Skip to content

There Is Room for Everyone

July 25, 2012

Welcome ImageLove is at the heart of the gospel, and at the heart of the Mission of the Church and the Mission of God (see 1 John 4).  Love drives and compels our relationships with God and with one another.  This is a love sprung from grace, a love that encompasses and embraces the entire world.  It is a love that binds us together as a community of believers, and it is a love that compels and invites us to welcome and embrace the stranger.  The Holy Scripture calls us to love the stranger—the alien—among us as we remember that we were once aliens in the land of Egypt (Leviticus 19:33-4).  Paul admonishes us to extend hospitality to strangers (Romans 12:13), Peter urges us to be hospitable to one another (1 Peter 4:9), and the author of Hebrews tells us to continue in mutual love and show hospitality to strangers (Hebrews 13:1-2).

The practice of hospitality is rooted in our common life in the gospel and lived in our common life as Church in the world.  Rather than allow our identity as a community to isolate us and cut us off from those who are different from us or unknown to us, we must open ourselves to accept and acknowledge our God who came to us in love as a stranger and who we rejected (see John 1:10-18).  As disciples of the one who overcame rejection, suffering and death, we must strive to overcome the barriers that divide and the fear that separates us from God and from one another.  We begin to overcome these obstacles when we practice hospitality to learn and teach love.

Modernity has taught us that to be individualistic is to be human.  We are divided and separated by our autonomy and suspicious of those who are unlike us, especially those whom we do not invite or expect to come into our individualized spheres of personal experience (often even if that “sphere” is the pew next to us).  As Gregory Jones puts it in his book, Reading in Communion: Scripture and Ethics in Christian Life, “The practice of hospitality that is rooted in the love of the gospel is a dangerous practice.  It surrenders control and takes risks.”  The gospel of love is a gospel of risk-taking.  We must walk in the confidence of God’s steadfast love to overcome our fears of reaching out to the other, to the stranger, to the alien in our midst.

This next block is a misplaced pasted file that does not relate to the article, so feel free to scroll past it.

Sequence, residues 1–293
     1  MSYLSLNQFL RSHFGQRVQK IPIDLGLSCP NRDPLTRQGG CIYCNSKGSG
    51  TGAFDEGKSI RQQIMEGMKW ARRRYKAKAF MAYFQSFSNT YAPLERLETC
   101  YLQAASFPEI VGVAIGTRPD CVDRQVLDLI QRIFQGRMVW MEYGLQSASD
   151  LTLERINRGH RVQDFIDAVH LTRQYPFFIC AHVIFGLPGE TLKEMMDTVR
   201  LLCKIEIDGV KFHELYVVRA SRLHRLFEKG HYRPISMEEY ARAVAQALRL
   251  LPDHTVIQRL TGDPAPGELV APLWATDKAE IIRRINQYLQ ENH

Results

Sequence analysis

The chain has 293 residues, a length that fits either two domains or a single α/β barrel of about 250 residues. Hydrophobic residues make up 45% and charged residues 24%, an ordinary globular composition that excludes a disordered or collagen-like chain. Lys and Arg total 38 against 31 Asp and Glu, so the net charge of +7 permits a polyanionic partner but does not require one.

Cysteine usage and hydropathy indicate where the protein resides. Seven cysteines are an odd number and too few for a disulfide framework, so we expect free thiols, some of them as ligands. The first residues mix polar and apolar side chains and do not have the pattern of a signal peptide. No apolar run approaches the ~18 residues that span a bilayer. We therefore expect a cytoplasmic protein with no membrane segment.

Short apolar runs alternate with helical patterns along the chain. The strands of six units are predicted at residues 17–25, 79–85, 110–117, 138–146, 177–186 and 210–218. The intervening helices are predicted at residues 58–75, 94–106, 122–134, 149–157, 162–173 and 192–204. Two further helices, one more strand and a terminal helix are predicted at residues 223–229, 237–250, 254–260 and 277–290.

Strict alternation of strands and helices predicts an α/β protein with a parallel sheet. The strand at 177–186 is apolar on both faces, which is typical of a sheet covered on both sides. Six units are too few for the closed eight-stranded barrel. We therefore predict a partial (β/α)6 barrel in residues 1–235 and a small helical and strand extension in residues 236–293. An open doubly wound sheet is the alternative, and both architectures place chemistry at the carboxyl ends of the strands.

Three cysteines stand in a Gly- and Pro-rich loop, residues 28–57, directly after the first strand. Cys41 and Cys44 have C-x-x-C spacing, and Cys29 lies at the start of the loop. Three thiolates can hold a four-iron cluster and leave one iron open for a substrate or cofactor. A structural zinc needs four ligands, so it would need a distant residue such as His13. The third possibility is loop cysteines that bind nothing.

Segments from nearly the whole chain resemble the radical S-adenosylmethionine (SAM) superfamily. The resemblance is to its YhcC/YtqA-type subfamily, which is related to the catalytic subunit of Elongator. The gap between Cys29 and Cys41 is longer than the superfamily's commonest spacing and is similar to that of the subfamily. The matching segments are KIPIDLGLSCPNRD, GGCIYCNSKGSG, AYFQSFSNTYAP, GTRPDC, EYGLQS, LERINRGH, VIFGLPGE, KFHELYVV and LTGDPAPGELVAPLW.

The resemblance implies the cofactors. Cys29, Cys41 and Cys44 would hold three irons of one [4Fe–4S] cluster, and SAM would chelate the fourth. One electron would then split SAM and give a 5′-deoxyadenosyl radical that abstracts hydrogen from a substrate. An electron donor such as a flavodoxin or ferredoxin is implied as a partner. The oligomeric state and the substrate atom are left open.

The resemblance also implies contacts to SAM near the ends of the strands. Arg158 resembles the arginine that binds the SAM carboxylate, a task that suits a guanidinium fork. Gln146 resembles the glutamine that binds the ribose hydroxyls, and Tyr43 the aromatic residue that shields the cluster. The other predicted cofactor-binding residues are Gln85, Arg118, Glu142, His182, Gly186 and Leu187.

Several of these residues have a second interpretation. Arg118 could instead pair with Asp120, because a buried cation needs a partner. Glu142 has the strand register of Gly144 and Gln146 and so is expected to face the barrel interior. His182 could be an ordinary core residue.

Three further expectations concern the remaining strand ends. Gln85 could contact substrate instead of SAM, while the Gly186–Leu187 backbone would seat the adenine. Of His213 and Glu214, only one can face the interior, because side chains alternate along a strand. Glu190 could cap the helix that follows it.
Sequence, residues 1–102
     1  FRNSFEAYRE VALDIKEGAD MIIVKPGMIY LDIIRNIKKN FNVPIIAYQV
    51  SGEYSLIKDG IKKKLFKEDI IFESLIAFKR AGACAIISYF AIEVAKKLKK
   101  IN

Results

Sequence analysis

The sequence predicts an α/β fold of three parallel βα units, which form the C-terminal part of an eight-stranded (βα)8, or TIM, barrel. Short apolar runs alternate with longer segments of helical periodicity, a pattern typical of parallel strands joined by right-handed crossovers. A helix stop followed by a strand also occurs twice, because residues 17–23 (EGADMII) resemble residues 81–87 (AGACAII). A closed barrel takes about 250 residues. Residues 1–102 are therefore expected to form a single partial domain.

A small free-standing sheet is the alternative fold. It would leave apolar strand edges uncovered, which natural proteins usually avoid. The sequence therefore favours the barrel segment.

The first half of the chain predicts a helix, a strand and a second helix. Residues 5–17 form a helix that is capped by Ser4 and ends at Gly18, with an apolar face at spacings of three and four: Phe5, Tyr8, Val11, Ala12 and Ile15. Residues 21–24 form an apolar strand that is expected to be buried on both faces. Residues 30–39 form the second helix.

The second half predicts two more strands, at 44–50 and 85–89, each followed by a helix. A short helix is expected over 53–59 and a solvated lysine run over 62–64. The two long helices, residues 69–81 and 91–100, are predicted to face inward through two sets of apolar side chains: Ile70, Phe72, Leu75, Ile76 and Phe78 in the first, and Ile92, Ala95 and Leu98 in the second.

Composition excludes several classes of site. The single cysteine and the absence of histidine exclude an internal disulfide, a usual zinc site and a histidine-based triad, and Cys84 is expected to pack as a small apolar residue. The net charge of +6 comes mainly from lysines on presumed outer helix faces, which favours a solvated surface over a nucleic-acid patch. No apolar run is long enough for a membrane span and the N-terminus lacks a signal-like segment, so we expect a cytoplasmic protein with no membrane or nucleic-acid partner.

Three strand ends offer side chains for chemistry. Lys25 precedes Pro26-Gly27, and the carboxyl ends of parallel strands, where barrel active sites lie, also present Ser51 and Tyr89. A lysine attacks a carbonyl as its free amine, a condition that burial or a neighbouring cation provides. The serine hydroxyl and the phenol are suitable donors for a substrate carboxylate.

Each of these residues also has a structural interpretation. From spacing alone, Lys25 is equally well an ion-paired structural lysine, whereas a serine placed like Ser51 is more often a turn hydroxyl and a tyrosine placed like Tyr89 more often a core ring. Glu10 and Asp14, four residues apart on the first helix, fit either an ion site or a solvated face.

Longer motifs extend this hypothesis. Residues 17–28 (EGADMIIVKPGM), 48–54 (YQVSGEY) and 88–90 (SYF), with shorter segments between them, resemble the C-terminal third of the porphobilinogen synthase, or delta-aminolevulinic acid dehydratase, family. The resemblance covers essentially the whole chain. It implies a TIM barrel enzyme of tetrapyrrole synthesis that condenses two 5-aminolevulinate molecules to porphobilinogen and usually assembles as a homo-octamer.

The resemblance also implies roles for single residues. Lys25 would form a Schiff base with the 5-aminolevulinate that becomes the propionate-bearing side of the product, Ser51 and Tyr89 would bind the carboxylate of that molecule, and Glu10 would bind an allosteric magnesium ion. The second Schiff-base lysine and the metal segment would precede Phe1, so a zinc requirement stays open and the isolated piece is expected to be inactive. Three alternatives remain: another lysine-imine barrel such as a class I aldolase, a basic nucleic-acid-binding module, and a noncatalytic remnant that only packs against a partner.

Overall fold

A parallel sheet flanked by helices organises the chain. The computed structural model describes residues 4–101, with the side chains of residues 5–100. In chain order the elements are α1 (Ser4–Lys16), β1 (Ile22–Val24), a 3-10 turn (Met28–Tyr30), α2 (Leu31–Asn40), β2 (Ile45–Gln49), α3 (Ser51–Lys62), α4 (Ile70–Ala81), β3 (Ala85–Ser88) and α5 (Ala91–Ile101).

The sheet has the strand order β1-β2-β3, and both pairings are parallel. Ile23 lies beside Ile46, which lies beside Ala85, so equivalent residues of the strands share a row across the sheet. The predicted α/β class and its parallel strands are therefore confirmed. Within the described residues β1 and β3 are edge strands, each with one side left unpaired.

As an “Easter people,” we walk in love with Jesus who has changed the very meaning of life in his triumph over death.  Yet, the one whom we meet after the resurrection is himself a stranger.  Mary does not know him in the garden; the disciples do not know him on the road to Emmaus.  The encountering of the risen Christ as stranger is an invitation in love to open ourselves to the practice of hospitality.  That openness reflects the love through which God has acted to save us and walk with us in newness of life.  We are met by a stranger, and it is the encounter with this stranger which generates our own most central sense of identity, of ‘being at home,’ so that the believer can invite the whole human world to find a home in the same encounter.

The virtue of love is not a uniquely Christian virtue; it is a virtue of God, by God, and through God to all people.  God sanctifies and seeks to reconcile the whole world through the Incarnational reality of God as Jesus Christ.  In doing so, God is calling all people to reconciliation and mission rooted in the virtue of love.  We can obey before we believe.  We are called to follow the living, loving example of Jesus Christ whether we have been baptized into his death, resurrection and ascension or not.  The action of God was for the whole world.  God calls and compels us to newness of life in the virtue of love and compassion irrespective of our belief in Christ’s salvific action.